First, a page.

Returning to that period of Turkish mastery, one can hardly realise the freedom we enjov when comparing it with those years of slavery. It seems only a short while since we had to repeatedly pay that “backsheech” so often demanded from us.
And now we need not to be afraid when we see a policeman coming, because we do not have to hide everything we have of value. There was nothing the Turks did not need. Every day new orders would be issued. More “backsheech” was demanded, horses taken from us, all being required to hand over their horses without pretext.
It was impossible to hide them as the stables would be searched, and all other places where they might be hidden. At other times, cows, donkeys, carriages, bags, boxes, tins, etc., would be taken, and to protest would bring disaster on the home. Work in the gardens was done under extreme difficulties without the animals, therefore we were only able to grow a little fruit with so much suffering; and they would even then rob us of that.
But what is the difference now? In the winter when we must plough in the gardens, and we have not our own horses to work with, the British Government came to help us; they lent us horses to do the necessary work in the gardens; they brought kerosene for the pumping motors in the orange gardens.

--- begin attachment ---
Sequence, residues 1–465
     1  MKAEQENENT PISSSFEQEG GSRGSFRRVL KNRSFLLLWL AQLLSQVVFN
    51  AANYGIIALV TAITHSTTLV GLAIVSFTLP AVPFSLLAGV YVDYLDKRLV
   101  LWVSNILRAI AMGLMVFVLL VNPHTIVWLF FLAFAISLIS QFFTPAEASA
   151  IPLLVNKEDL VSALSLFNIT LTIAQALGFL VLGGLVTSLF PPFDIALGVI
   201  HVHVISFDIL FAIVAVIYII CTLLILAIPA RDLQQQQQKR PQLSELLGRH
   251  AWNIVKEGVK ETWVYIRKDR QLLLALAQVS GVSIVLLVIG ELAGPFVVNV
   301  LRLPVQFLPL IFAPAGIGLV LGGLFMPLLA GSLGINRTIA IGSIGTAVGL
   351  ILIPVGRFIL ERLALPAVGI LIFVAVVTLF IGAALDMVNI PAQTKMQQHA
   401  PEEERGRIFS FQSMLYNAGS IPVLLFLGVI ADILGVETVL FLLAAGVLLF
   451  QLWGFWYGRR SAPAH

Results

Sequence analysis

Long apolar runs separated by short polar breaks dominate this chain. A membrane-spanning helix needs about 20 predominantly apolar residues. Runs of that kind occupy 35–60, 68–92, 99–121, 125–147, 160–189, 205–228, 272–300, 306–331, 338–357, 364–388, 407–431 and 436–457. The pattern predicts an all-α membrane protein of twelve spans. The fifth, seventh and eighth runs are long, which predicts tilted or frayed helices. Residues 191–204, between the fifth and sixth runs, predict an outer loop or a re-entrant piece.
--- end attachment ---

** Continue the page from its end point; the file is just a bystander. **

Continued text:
Before, we could not do anything, because we thought that in the middle of our work they (the Turks) would come and disarrange everything. So we always found obstacles in our way. Seeing to-day the happy homes around us, it is hard to imagine the suffering they have passed through. When we proposed to build bridges, and roads for the benefit of our horses between the colonies and the large towns, the Turks would demand enormous sums of “backsheech”.
But the British Government have done all this without being asked. Everywhere new roads and railways have come into being. Under the Turkish rule all money received in gold for our fruits from other countries was taken from us and paper money given in exchange, with the large loss on our part. When the British came into our village we were able to change our money without loss and no difference was made between gold and paper.
The chief motive of the Turkish Government was to ruin us and neglect our country, while the British Government have done all in their power to help us to develop our trade and country. We are now free to bear our flag through the streets and sing our national songs, which were forbidden under the Turkish military law. A poor man can travel now from one place to another on his donkey, and not be afraid of wandering tribes. Everywhere the reign of the British Government is showing its effect on the country.
I remember when I was at school I learned that the Prophet said long ago, that in the end of the days in which the wolf lived together with the lamb, etc: Now I understand what was meant by these words, that a strong Government would come one day and overthrow the wolves and look after the weak lamb.
I am writing to vou soldier boys to try and express my feelings to-night towards you; and though your homes are many miles away, you came here and brought with you hopes for us all.
God bless you all, and my one wish is that you will return to your families so patiently waiting for you. And now victory and happiness to the British and their Allies.